Corbin soon found that he was short of labor. Cotton is a labor-intensive crop, and there weren’t enough people to farm the huge plantation. So Corbin entered into an agreement with the mayor of Rome, Prince Ruspoli, to bring 100 Italian families to Sunnyside each year for five years.
The first party of more than 500 Italians reached the plantation in late 1895. Corbin died in 1896, but another group of Italians arrived in January 1897.
Canonici says his book is “based on the premise that Italians who went to the Sunnyside Plantation, and subsequently to other plantations in the Arkansas and Mississippi Delta, had similar characteristics and experiences. … Italians who settled on Delta plantations were mostly from central Italy, with a few from the northern provinces. Most were experienced farmers in a well-structured farming system called mezzadria.”
Under this system, extended families lived under one roof on land that belonged to the man known as the padrone. They shared the harvest with the owner of the land.
“They worked hard and lived simply, but generally there was sufficient food to sustain the family,” Canonici writes. “There was a saying in the Marche region that one might work himself to death but he did not starve to death. Their reason for leaving their native soil was to search for a better life. Many crossed the Atlantic with the intention of returning and would have returned if they had had the means.”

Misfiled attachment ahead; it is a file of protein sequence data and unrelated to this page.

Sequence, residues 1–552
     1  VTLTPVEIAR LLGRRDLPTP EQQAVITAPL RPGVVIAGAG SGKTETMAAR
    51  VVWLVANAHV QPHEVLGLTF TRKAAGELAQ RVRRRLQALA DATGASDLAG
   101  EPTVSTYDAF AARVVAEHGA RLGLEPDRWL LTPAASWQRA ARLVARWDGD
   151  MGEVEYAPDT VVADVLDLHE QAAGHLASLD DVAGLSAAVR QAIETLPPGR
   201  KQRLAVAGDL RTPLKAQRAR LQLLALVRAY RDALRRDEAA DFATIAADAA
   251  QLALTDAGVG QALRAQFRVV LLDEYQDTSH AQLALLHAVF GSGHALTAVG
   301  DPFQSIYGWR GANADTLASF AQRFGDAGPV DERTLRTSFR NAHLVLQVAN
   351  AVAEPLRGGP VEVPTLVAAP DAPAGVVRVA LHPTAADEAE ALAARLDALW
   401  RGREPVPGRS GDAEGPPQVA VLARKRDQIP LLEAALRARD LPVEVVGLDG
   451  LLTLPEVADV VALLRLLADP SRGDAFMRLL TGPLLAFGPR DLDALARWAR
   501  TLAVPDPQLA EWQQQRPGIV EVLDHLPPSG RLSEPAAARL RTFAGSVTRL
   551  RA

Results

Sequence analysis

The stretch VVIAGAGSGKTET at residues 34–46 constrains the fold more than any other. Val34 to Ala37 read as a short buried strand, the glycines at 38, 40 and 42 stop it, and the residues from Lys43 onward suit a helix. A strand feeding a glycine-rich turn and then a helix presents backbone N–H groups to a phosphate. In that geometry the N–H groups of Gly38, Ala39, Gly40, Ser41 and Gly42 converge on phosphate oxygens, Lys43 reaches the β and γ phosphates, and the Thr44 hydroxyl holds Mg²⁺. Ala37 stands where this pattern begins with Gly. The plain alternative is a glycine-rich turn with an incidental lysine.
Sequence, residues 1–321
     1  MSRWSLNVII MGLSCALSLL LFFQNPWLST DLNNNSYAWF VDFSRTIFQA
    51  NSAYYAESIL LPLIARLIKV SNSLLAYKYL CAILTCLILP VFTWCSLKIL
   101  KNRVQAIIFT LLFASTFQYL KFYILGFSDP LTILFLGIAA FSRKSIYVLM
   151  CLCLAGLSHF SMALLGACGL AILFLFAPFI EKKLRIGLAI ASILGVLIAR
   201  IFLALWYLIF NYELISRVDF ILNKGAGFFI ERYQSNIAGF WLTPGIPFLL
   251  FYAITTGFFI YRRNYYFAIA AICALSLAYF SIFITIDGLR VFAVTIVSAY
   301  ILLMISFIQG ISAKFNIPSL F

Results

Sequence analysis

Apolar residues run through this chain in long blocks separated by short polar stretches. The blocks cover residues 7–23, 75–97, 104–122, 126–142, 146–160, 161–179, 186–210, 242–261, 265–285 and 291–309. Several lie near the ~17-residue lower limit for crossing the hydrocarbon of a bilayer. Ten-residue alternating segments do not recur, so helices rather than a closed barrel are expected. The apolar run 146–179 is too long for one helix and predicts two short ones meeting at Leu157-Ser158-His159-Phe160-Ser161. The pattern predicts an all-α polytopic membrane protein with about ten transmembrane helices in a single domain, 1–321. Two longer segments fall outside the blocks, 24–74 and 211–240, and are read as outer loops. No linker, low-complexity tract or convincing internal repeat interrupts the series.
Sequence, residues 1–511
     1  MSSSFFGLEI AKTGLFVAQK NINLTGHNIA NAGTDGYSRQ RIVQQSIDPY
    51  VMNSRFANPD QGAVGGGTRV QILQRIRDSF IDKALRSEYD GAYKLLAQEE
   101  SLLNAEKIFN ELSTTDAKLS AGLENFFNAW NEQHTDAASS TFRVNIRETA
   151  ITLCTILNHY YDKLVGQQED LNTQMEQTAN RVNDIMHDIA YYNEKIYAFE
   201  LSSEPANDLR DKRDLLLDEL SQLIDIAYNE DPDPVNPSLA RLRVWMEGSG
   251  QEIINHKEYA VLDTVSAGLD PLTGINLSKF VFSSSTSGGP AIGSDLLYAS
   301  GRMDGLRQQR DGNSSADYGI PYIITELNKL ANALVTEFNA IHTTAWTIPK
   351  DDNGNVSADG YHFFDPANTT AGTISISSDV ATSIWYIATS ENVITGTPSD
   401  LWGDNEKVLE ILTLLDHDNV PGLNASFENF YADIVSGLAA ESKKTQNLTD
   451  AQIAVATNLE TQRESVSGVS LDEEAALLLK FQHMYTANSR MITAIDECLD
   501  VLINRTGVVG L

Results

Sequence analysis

Canonici notes that unlike some cultures, where the men came first for several years, Italians immigrated as family units.
“Once in the Delta, the extended family maintained close ties but no longer lived and worked under the same roof,” he writes. “Most had become indebted to Delta planters before they arrived because they had been forwarded travel and living expenses. They began as tenant farmers, and although disillusioned by the living conditions they encountered, they continued to work hard.